In caves in Brazil there lives a tiny insect with the most extraordinary story. It feeds on bat droppings and chews on the dead carcasses of fallen bats. When it copulates, it does so slowly — a single sexual act takes up to 70 hours, or three full days. But that’s not even the oddest thing about it. In this species the female has developed a penis, and the male a vagina.

Kazunori Yoshizawa is an entomologist at Hokkaido University in Sapporo. In 2011, he was visiting a colleague in Geneva who had collected some of the cave insects from Brazil. Yoshikawa examined preparations of the insects under a microscope and saw the female penis for the first time.

“Quite immediately, I realized that not only the direction of genital insertion, but the direction of the sexual selection is also reversed in this insect,” he recalls. “The female penis has a function to hold the male coercively.”

Let’s look at what this means. Sexual selection is a form of natural selection. It’s the competition that takes place between males to win mates, and it also operates when females choose between males. It’s why male deer have evolved antlers (and kabutomushi Japanese stag beetles have incredible horns) — to fight other males. And it’s why males also evolve beautiful displays, such as the opulent peacock’s tail. Females tend to be attracted to males that have the most attractive displays.

That’s what usually happens. Sometimes, the situation is reversed. When males offer an edible gift to the female in return for access to mating, you sometimes get competition between females for the gift. Millions of years ago, this was probably the case in the Brazilian cave insects.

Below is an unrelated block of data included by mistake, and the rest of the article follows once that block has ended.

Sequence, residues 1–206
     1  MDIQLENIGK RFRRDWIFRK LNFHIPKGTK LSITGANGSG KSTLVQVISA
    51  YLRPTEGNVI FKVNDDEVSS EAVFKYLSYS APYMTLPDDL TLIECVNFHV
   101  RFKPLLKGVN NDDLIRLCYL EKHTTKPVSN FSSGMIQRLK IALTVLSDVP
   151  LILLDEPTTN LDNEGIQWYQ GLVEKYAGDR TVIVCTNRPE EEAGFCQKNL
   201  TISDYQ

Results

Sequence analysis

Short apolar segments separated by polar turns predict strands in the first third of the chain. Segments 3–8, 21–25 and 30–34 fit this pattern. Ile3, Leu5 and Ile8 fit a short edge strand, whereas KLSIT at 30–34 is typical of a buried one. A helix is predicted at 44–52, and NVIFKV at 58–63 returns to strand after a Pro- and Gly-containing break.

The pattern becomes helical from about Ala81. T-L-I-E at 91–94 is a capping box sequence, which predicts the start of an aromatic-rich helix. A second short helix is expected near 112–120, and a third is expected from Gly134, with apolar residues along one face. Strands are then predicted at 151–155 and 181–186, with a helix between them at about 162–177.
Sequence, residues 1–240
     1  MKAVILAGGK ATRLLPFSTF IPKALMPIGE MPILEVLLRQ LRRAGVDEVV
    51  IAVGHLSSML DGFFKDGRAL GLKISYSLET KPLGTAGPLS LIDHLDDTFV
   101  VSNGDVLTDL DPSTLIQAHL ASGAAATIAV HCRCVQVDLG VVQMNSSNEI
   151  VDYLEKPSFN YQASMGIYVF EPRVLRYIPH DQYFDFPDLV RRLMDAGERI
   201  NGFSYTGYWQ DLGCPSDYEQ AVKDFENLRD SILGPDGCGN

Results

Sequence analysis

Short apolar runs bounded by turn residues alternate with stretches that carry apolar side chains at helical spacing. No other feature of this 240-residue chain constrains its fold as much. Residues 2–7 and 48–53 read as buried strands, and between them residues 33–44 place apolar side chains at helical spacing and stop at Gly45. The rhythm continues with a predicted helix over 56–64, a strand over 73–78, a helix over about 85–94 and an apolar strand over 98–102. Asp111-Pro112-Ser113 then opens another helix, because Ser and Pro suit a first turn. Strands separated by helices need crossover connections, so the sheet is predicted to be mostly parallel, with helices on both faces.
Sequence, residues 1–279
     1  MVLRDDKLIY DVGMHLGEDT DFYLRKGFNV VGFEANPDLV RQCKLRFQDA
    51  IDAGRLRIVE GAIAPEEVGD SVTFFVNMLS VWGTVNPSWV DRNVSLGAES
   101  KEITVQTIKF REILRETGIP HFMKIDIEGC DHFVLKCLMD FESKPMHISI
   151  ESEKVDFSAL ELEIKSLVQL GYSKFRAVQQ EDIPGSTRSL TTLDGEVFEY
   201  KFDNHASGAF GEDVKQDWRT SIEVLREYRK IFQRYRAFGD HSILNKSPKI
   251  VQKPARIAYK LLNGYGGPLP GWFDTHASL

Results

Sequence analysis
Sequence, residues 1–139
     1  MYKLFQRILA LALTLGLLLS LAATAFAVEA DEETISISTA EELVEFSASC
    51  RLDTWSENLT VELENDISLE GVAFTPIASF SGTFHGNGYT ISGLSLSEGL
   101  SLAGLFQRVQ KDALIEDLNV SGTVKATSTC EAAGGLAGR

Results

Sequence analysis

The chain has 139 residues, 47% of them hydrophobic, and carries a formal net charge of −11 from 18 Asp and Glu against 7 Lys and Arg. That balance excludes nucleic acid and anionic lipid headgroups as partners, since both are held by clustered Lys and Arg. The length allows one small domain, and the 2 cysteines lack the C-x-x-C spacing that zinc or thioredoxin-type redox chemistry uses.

The males of this insect, Neotrogla, produce a large and nutritious ejaculation. Females living on dry scraps of bat droppings are desperate for the extra food. Not only do they compete for access to the males, they have evolved an organ that grips hold of them. The female penis looks like that of many males in the animal kingdom: It swells inside the female and is spiked, both of which wedge the female inside the male. The very long duration of copulation is probably controlled by the females, the authors say, in order to extract maximum resources from the males.

Last month, Yoshizawa and his colleagues won a prestigious Ig Nobel prize for their research. The spoof prizes are awarded at Harvard University each year to celebrate unusual or trivial discoveries in science. Yoshikawa’s team won the biology prize. Was he happy to receive this honor?

“Of course,” he says. “I have been an Ig Nobel watcher for more than 15 years.”

Neotrogla reminds me of another bizarre insect that lives in caves — the bat bug, which is found in caves in Kenya. In this insect, the males stab the female with a knife-like penis and inseminate directly into the bloodstream. The sperm then swim to the ovaries, bypassing the female reproductive tract. To try and limit the damage done by these attacks, females have evolved a counter-measure: defensive structures on their abdomens that soak up the damage. The odd thing — or even odder thing — is that the males are so keen to mate that they also stab other males and try to inseminate them as well. This seems to have had such an impact over the generations that males have evolved similar defensive abdominal structures to the females. Bed bugs — the ubiquitous pests that you find in unclean hotel beds — have a similar method of stabbing sex. Entomologists call it traumatic insemination.

The Ig Nobel prizes are awarded by Marc Abrahams, who runs a magazine called the Annals of Improbable Research. They’re designed to make you laugh and then to think. In their acceptance speech (filmed from a cave in Japan), the scientists said: “Every dictionary around the world defines a penis as a male structure. Our discovery makes billions of dictionaries outdated.”

As a biologist who has written about all kinds of bizarre animals, I wholeheartedly applaud the Ig Nobel prize for Neotrogla.

Natural Selections covers issues related to scientific research in Japan on the fourth Saturday of the month. Rowan Hooper is the news editor of New Scientist magazine. Follow him on Twitter @rowhoop.

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